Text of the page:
A premature holiday meal turned out to be the undoing of a miller and created Prague’s oddest spectres — a flaming turkey
Bohemian ghost stories sometimes are downright bizarre. The tale of the angry flaming turkey of Kampa stands beak and drumsticks above all of the others. The bird turns up on Good Fridays but hasn’t been seen in more than half a century.
A mill owner in Kampa, an area in Prague’s Malá Strana district, loved to have roast turkey on holidays. He was raising three turkeys for Easter. But Good Friday, of course, was a fast day when faithful people were supposed to refrain from eating meat. The mill owner grew impatient, not having had a chance to eat turkey since the Christmas holidays.
When nobody was looking, he killed one of the three waiting turkeys on Good Friday, thinking nobody would know the difference. He cooked it up while nobody was paying attention and secretly ate it in the mill.
His guilty pleasure didn’t last long. As soon as he finished, he felt an incredible pain in his abdomen and he stumbled out in front of the mill and died.
Whatever the case, people were surprised to find his corpse on the ground on Good Friday. His relatives cleaned up the remnants of the meal inside the mill and never said a word about it to anyone. As far as onlookers were concerned, he died a mysterious death on the same symbolic day and hour that Jesus Christ was on the cross.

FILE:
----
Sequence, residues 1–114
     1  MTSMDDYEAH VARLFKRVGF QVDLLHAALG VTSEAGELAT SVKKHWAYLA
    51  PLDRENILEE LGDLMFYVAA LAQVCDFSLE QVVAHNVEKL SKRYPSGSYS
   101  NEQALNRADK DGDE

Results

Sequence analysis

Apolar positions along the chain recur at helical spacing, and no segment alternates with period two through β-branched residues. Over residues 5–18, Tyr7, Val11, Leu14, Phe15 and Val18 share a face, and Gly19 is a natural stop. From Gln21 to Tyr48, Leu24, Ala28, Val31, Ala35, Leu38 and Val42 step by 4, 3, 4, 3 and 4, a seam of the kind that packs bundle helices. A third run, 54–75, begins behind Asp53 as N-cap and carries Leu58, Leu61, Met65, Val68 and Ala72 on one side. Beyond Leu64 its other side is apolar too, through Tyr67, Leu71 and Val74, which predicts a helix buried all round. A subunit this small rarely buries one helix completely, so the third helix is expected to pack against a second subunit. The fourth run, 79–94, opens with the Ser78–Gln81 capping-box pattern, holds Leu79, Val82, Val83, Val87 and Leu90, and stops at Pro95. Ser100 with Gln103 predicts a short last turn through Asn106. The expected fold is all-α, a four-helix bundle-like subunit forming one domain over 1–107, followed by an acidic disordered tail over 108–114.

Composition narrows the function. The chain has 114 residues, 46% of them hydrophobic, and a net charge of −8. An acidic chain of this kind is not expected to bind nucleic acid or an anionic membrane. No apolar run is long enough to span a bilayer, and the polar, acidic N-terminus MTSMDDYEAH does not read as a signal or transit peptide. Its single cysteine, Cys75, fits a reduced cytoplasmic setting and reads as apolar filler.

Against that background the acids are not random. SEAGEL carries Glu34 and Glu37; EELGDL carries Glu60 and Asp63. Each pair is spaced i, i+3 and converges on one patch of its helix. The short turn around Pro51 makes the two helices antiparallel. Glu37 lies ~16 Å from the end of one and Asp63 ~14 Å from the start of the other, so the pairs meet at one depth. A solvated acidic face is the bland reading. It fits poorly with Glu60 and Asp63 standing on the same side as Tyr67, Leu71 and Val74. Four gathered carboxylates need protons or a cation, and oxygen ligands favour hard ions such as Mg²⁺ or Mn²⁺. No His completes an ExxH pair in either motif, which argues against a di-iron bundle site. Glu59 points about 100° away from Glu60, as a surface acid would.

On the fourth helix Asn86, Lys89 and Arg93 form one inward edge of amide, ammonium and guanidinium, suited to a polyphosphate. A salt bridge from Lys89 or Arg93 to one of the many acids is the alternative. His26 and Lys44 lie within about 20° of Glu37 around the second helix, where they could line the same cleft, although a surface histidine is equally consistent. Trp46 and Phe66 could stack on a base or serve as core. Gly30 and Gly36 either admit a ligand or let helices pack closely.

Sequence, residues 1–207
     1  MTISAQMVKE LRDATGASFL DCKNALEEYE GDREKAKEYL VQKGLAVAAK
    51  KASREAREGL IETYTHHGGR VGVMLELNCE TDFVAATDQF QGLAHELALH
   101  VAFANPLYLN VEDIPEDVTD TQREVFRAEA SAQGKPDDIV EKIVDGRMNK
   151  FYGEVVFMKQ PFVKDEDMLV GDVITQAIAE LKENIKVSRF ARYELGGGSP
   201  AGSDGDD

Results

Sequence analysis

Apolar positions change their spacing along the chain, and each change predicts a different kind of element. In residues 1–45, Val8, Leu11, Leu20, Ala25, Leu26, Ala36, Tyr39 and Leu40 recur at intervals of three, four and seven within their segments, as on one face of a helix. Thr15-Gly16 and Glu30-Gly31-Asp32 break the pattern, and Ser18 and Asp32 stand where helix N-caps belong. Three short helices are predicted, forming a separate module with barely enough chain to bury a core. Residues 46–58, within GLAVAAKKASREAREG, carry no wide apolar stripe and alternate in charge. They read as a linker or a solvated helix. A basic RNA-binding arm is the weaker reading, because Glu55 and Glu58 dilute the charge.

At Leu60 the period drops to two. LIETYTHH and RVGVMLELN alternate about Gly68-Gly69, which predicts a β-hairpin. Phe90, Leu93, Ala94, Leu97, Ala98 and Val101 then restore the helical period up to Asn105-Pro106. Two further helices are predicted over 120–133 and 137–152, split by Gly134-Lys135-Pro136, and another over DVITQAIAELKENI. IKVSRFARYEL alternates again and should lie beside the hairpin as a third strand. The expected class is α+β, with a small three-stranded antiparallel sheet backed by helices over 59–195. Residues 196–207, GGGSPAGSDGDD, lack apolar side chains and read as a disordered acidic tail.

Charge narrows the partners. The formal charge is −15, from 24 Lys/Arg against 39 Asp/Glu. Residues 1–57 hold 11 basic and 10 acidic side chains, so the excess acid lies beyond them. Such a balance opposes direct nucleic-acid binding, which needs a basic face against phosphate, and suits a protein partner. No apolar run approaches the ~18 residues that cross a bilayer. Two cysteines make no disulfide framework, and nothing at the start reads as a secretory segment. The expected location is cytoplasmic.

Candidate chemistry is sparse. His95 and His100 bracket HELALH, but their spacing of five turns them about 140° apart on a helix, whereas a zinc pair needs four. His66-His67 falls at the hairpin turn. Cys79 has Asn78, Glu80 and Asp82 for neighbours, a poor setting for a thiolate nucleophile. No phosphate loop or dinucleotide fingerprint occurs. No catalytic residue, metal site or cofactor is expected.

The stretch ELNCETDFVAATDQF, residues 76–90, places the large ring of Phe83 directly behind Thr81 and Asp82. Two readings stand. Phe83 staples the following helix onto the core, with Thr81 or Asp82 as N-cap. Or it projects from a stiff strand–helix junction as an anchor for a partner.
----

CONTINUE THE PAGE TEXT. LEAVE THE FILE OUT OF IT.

Slowly though, the real story leaked out, and people put a less than reverent spin on it. Some began to say his gallbladder burst, because of all of the gall it took to so cheekily violate the rules of fasting. Others say he choked on a turkey bone because he tried to pick a bone with the fasting rules.
But that is not the end of it. The next year on Good Friday, an angry flaming turkey appeared on the very spot that the miller died. The bird could not be approached, and singed anyone who tried. Apparently, it was not the ghost of the turkey, but of the miller himself, transformed into the very image of his fateful transgression.
Guard dogs were sent to chase it away, but the dogs quickly realized they were no match for the flaming bird. Snipers were called in from the military, but they had no effect, and they dared not get closer for fear that their gunpowder would explode. People tried to trap it, but the traps simply burned up.
A local priest even tried to exorcise the spirit in the bird, but to no avail. There is no set of prayers and rituals that met the situation of an angry holiday dinner that refuses to leave.
Reports of sightings have dropped off over the years and there are no mentions of the flaming turkey of Kampa since the Vatican II reforms of 1965, which changed the rules relating to fasting on religious holidays. Like everyone else, the bird was likely confused by the changes. Perhaps the rules had been weakened so much, the bird no longer saw the point of his fiery protest.
But if you should see a flaming turkey in Kampa, approach it with caution. Those who have tried to subdue it have the burns to prove it.